Colin McComb is now a very happy man
Apr 03
// Fraser Brown
Earlier today, the Torment: Tides of Numenera Kickstarter hit another stretch goal. In combination with the project's PayPal total of $67,000, the title has gained funding of over $3.5 million, so Chris Avellone will no...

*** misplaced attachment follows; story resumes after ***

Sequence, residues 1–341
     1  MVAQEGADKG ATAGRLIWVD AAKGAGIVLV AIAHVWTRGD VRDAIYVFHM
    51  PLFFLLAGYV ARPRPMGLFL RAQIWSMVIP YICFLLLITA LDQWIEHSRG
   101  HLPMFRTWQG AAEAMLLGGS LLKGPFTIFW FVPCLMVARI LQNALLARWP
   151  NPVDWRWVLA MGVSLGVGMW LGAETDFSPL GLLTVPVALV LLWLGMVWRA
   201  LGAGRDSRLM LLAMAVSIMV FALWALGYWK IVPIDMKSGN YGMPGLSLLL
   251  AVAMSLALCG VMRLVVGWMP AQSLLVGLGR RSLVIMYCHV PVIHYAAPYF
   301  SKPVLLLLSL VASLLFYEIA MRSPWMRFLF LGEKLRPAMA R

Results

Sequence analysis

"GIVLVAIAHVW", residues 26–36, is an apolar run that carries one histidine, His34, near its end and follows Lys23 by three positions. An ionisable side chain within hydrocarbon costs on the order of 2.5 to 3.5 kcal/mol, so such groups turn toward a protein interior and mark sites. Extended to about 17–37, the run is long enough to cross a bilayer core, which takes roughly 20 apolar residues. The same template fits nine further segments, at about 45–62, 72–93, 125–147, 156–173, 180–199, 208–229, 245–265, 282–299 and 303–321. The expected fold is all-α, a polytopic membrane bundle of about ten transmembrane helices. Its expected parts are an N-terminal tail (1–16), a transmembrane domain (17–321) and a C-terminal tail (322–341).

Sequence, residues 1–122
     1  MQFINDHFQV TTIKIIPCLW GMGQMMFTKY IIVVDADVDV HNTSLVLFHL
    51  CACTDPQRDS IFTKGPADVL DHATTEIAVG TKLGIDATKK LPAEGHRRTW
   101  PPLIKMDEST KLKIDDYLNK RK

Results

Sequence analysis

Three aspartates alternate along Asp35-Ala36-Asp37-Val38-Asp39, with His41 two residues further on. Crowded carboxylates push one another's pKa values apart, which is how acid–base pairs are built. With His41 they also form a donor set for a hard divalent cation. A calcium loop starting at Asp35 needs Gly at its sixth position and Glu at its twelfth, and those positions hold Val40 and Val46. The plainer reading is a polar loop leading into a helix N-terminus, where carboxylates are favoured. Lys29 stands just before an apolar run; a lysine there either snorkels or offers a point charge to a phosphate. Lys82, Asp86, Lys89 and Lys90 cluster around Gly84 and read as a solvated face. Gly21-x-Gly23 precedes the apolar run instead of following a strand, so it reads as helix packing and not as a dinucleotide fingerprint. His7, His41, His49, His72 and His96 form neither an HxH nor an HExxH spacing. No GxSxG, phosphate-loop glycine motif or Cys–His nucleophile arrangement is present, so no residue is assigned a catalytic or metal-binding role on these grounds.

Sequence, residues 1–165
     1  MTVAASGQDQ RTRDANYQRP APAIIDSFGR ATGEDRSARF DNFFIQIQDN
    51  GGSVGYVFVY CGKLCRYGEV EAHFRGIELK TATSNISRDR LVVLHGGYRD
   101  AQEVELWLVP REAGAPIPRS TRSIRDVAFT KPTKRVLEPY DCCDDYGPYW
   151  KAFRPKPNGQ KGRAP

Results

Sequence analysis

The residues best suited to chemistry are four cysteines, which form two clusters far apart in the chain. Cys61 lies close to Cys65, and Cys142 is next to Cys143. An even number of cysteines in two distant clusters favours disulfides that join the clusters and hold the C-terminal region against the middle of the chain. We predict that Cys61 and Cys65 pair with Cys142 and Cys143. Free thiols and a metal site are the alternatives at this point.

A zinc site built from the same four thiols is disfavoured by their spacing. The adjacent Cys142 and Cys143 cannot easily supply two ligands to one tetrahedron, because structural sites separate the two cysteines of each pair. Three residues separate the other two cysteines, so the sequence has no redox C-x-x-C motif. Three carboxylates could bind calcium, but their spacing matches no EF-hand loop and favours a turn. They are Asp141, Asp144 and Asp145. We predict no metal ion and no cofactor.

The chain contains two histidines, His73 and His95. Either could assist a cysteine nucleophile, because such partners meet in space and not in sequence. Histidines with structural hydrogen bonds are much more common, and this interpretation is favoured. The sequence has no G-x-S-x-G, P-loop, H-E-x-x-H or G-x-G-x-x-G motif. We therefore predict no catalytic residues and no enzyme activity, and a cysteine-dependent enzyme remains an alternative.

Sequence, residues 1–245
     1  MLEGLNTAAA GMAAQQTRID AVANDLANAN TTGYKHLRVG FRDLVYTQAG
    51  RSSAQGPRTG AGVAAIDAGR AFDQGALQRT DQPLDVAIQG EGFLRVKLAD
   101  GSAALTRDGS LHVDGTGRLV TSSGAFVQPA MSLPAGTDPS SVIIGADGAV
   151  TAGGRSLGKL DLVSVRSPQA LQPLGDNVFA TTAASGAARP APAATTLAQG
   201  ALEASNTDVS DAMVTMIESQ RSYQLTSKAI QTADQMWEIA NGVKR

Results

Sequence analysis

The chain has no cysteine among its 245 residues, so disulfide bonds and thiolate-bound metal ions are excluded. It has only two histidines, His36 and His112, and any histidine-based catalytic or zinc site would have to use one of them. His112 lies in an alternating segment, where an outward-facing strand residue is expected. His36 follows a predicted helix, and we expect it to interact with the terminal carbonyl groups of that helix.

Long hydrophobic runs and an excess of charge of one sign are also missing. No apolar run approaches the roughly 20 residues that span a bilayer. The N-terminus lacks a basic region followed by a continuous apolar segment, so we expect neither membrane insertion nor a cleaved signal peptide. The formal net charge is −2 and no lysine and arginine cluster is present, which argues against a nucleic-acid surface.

Chris Avellone on Torment and being a human stretch goal

Apr 02 // Fraser Brown